After almost seven years of apartment living and relying exclusively on borrowed fixtures and chattels, with nary a stick of furniture to one’s name; and with a new term and resettlement into a new abode rapidly looming, the executive decision was made to acquire some basic new furniture to call one’s own.
A few expeditionary shopping trips made it quite evident that such rapid acquisition of interior fixtures was possible, with one notable condition. The only furniture within the available budget had to arrive in flatpacks.
The energy, pulled back muscles and countless hours spent assembling pieces of chipboard together in such as way as to close the gap between the jigsaw-puzzled components and the glossy catalogue pictures and shiny display models was extraordinary. That was not the surprising part.
What was surprising, however, was the degree to which, after the hours, the pulled muscles, the stripped screw threads, the broken allen keys and the fatigue, the finished product strayed from the models beheld just days before. The sheen of perfectly aligned workmanship stood in stark contrast to what was eventually put together. Pieces were out of place, pegs too long, holes out of alignment, and there was the unbearably artificial ergonomics, ill suited for any person with a body.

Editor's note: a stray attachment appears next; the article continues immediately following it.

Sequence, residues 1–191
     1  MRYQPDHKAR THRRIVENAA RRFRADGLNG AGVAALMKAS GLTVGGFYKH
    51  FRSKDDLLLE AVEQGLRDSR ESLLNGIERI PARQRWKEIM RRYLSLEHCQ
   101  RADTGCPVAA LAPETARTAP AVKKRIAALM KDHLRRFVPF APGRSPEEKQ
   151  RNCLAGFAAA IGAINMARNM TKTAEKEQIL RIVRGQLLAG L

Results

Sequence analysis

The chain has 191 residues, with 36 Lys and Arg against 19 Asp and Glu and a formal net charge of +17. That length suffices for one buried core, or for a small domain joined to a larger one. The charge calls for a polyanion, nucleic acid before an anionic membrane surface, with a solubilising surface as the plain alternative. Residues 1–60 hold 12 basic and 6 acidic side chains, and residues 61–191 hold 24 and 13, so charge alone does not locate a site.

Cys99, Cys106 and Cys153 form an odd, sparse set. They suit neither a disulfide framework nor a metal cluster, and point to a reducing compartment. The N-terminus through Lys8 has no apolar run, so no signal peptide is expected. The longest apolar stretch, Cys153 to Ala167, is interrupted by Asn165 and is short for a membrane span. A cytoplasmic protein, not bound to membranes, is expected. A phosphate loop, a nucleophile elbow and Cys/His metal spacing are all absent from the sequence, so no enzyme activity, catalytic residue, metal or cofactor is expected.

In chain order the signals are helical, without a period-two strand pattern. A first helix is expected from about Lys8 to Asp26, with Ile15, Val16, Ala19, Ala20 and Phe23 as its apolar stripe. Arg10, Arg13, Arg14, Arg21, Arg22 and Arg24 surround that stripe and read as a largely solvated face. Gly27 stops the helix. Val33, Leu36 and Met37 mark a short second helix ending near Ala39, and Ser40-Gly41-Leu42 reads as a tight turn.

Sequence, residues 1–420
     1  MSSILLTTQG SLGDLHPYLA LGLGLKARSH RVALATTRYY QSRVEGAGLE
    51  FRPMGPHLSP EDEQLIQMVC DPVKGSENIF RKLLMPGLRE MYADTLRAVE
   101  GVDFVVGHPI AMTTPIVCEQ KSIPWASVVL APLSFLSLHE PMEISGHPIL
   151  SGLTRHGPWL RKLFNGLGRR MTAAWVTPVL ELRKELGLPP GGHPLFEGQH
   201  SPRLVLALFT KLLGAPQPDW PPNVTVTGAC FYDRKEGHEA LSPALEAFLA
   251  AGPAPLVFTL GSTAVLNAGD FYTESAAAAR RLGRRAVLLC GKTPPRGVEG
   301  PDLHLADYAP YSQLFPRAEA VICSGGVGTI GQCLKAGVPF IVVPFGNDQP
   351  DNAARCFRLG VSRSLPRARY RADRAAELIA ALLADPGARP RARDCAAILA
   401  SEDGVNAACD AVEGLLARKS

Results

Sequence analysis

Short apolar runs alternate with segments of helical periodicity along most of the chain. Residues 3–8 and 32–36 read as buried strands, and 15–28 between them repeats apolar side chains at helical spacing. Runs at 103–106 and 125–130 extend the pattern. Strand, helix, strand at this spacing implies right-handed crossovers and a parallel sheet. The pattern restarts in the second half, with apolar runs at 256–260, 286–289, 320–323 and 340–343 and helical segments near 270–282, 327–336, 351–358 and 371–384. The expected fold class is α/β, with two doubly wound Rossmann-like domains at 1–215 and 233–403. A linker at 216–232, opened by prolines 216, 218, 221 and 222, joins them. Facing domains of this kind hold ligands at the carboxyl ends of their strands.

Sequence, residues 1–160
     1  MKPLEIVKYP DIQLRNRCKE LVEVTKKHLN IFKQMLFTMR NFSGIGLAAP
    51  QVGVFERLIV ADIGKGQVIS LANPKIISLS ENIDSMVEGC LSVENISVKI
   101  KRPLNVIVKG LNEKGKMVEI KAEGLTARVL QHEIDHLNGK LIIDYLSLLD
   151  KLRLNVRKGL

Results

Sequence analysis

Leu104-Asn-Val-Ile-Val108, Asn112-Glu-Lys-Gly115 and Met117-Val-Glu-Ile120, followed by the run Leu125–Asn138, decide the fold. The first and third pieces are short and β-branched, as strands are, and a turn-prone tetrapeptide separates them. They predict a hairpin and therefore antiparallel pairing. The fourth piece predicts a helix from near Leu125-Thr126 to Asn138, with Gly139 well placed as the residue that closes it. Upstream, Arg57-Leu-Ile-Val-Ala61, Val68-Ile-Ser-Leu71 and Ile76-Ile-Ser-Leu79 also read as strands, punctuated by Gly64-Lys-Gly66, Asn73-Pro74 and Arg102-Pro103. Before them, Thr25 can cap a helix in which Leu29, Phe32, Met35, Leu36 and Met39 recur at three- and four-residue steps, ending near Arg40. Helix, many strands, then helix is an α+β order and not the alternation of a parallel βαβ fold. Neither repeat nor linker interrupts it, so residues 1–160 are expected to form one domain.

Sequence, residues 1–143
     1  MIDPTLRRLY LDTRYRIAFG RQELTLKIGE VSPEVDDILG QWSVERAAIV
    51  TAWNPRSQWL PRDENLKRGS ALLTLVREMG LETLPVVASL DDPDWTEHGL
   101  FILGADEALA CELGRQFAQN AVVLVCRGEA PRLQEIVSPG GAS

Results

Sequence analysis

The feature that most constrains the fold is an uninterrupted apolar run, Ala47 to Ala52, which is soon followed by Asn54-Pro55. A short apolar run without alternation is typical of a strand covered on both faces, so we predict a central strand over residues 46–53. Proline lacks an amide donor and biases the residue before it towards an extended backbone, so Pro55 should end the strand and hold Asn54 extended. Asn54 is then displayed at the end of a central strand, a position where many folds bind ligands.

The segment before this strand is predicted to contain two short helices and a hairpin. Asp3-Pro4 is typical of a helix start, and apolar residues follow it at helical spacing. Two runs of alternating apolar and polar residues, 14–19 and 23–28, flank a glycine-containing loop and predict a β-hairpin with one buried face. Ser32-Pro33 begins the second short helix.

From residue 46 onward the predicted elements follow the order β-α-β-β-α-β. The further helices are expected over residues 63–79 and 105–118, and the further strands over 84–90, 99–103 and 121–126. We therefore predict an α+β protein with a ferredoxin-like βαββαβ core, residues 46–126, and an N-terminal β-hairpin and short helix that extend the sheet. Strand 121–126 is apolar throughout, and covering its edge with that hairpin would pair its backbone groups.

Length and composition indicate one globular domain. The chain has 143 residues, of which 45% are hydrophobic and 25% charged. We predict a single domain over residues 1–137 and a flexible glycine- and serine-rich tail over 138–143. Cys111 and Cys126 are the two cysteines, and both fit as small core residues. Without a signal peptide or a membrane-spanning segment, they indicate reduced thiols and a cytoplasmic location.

After several contortions of the spine on what was claimed to be the futon, it soon became apparent that the frustration stemmed from the pursuit, not of the furniture itself, but of the image of the furniture presented on screens, catalogues and even the show room. The images, and even the concrete models put on display for us to touch and interact with, were little more than simulations which we retained in our minds and then foisted upon the pieces in our flat packs, simulations that the lived reality of the assembled pieces in our homes failed to live up to.
Flat pack furniture stands as a stark reminder to us that, as Graham Ward once wrote in his Cities of God, that we “live in the order of the simulacra”, an economy where money is exchanged for images, even ones wrapped in the mantle of tactile reality. Slavoj Zizek put it another way in the title of a book, arguing that we are “plagued by fantasies” of experiences of reality that turn out to be mirages, because the economies in which we live have become abstracted under the hollowing lordship of money. Under this lordship of the image relations, whether to persons or to things, become holograms wrapped in flesh and fabric.